Gasoline Hits Record High, Wall Street Fears Recession

By Published On: May 9, 2022Categories: Daily Market News & Insights

Oil prices are trending lower this morning after steady gains last week, though crude prices remain above the $100/bbl mark. Last week, gasoline prices hit a record closing price of $3.75, marking a new all-time high heading into the summer months. Although the world continues to struggle with sourcing enough oil and refining capacity to meet demand, concerns of an impending recession have raised questions around whether demand will remain high. In addition, the bullish news last week of an EU ban on Russian oil has yet to come to fruition, since it requires a unanimous vote. Both of those factors are bringing prices a bit lower to start the new week.


It’s been said that the cure for high prices is high prices. Record high fuel costs, combined with higher borrowing costs due to high interest, will slow economic activity. The question is when demand will drop, and how steeply it will fall. Economists don’t necessarily agree on the outcome, but more than half of Wall Street professionals expect a recession this year due to tightening interest rates. Among small business owners, that number is 80%, and 44% rate the current environment as “poor.” When those closest to American consumers say the tides are changing, it’s good to listen. An economic slowdown would bring lower fuel prices, but it’s unclear whether the slowdown will be a minor setback or a more severe crash.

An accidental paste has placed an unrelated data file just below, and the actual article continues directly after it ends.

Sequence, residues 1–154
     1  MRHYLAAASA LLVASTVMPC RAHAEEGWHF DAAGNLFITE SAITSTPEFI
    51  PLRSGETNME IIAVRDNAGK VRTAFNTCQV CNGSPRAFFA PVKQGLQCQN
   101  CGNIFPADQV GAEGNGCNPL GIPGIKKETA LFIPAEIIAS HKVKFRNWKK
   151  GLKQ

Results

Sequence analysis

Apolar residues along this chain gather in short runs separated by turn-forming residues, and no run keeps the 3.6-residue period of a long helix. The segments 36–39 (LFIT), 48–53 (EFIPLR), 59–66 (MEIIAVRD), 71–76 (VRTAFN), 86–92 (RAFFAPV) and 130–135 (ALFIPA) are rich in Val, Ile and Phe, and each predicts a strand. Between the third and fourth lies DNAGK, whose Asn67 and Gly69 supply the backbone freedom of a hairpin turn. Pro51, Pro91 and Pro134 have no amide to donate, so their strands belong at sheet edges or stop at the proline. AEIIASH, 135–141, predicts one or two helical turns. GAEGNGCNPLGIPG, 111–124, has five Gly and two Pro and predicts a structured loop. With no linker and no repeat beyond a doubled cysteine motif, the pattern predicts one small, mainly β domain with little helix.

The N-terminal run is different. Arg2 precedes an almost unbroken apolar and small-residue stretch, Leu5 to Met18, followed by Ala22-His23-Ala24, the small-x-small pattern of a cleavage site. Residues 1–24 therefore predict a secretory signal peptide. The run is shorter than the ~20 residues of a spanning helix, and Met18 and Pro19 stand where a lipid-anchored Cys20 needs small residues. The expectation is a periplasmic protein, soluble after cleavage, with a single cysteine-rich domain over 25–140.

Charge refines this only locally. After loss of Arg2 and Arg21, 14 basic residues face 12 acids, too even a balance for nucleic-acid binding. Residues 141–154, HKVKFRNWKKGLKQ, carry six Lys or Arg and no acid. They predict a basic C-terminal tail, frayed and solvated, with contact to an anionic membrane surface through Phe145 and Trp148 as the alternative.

Shifting gears from demand to supply, the Saudi Energy Minister blamed high prices on under-investment in refining capacity globally, noting that the “scenario about net-zero had been smacked with so many realities.” For several years, oil majors have been switching investments from oil to low-carbon energy sources, leaving less capital funding available for large refining and drilling projects. Once again, the solution for high prices is high prices – prolonged high prices will tell oil companies that it’s worthwhile to invest in more capacity. But after years of pressure to “go green,” it may take a while for that message to sink in.


This article is part of Daily Market News & Insights


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